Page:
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Don Burleson Blog 







Find the exact data block causing a hung session

Oracle Tips by Burleson Consulting

May 18, 2003, Updated 18 May 2015

It is not uncommon for an end-user session to ?hang? when a user is trying to access a shared data resource that is being held by another end-user.  When a session is waiting on a resource, information can be found in the v$session view in the row_wait_file# and row_wait_block# .  These values will help you identify the source of the contention. 

Also see how to find blocking sessions and how to find Oracle RAC blocking sessions

If we know the data file and block number, we can zoom-in and see exactly what resource is causing the contention.  The file number and block number can then be cross-referenced into the dba_extents view to see the name of the table where the session is waiting on a block.

Here is the script that I use to find the source of hung sessions.  Note how the v$session column row_wait_file# is joined into the dba_extents view.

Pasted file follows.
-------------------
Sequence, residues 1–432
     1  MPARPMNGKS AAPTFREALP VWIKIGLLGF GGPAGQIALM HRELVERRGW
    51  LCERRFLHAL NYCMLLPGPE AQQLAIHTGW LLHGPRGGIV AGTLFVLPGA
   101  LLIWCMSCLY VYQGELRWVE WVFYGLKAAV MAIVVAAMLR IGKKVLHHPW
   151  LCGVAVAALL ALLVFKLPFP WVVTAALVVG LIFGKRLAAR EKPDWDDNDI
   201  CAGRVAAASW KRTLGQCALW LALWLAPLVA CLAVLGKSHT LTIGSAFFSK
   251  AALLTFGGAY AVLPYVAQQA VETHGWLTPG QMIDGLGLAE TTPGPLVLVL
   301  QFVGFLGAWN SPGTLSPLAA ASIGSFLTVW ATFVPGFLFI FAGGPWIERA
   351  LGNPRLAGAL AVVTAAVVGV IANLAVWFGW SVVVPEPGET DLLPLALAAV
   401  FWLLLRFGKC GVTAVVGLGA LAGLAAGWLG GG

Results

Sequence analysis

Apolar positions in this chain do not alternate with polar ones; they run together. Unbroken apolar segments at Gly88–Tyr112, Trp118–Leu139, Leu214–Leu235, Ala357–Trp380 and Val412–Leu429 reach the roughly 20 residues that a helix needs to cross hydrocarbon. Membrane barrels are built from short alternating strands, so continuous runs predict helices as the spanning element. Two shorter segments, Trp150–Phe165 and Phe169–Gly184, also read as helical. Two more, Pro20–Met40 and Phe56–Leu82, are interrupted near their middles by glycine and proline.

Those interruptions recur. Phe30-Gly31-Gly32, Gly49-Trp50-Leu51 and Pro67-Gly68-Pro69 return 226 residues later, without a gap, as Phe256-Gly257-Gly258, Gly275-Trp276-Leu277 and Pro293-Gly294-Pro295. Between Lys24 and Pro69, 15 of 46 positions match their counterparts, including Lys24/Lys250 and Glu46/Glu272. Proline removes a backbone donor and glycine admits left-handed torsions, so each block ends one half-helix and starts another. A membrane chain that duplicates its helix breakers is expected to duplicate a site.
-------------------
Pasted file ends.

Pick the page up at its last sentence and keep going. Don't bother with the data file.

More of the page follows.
column host     format a6
column username format a10
column os_user  format a8
column program  format a30
column tsname   format a12
   b.machine         host,
   b.username        username,
   b.osuser          os_user,
   b.program         program,
   a.tablespace_name ts_name,
   row_wait_file#    file_nbr,
   row_wait_block#   block_nbr,
   dba_data_files a,
   v$session      b,
   dba_extents    c
See code depot for full script
   b.row_wait_file# = a.file_id
   c.file_id = row_wait_file#
  row_wait_block#  between c.block_id and c.block_id + c.blocks - 1
  row_wait_file# <> 0

Here is the output from this script:

------ ---------- --------- -------- ------------------------------
------------ ---------- ---------- ------------------------------
avmak1 JONES        DEDICATED server      ?  @avmak1 (TNS interface)
TS_ITEM                9      55342 SYSADM

The result shows that a session owned by user ?JONES? is waiting for a resource in the TS_ITEM tablespace at data block number 70945. The ITEM table is at data block 55432.

Now that the source of the contention has been identified, you can locate other users who may be holding locks on this table.  This is done by changing the WHERE clause of the above query to include the clause

   WHERE row_wait_block# = 5532;

By the way, this type of wait can commonly be issued when a large update task is holding locks on the table, or when an individual task has placed an exclusive lock on specific rows in the table.

If you like DBA internal tricks, check-out my new book Oracle Tuning: The Definitive Reference by Rampant TechPress. 





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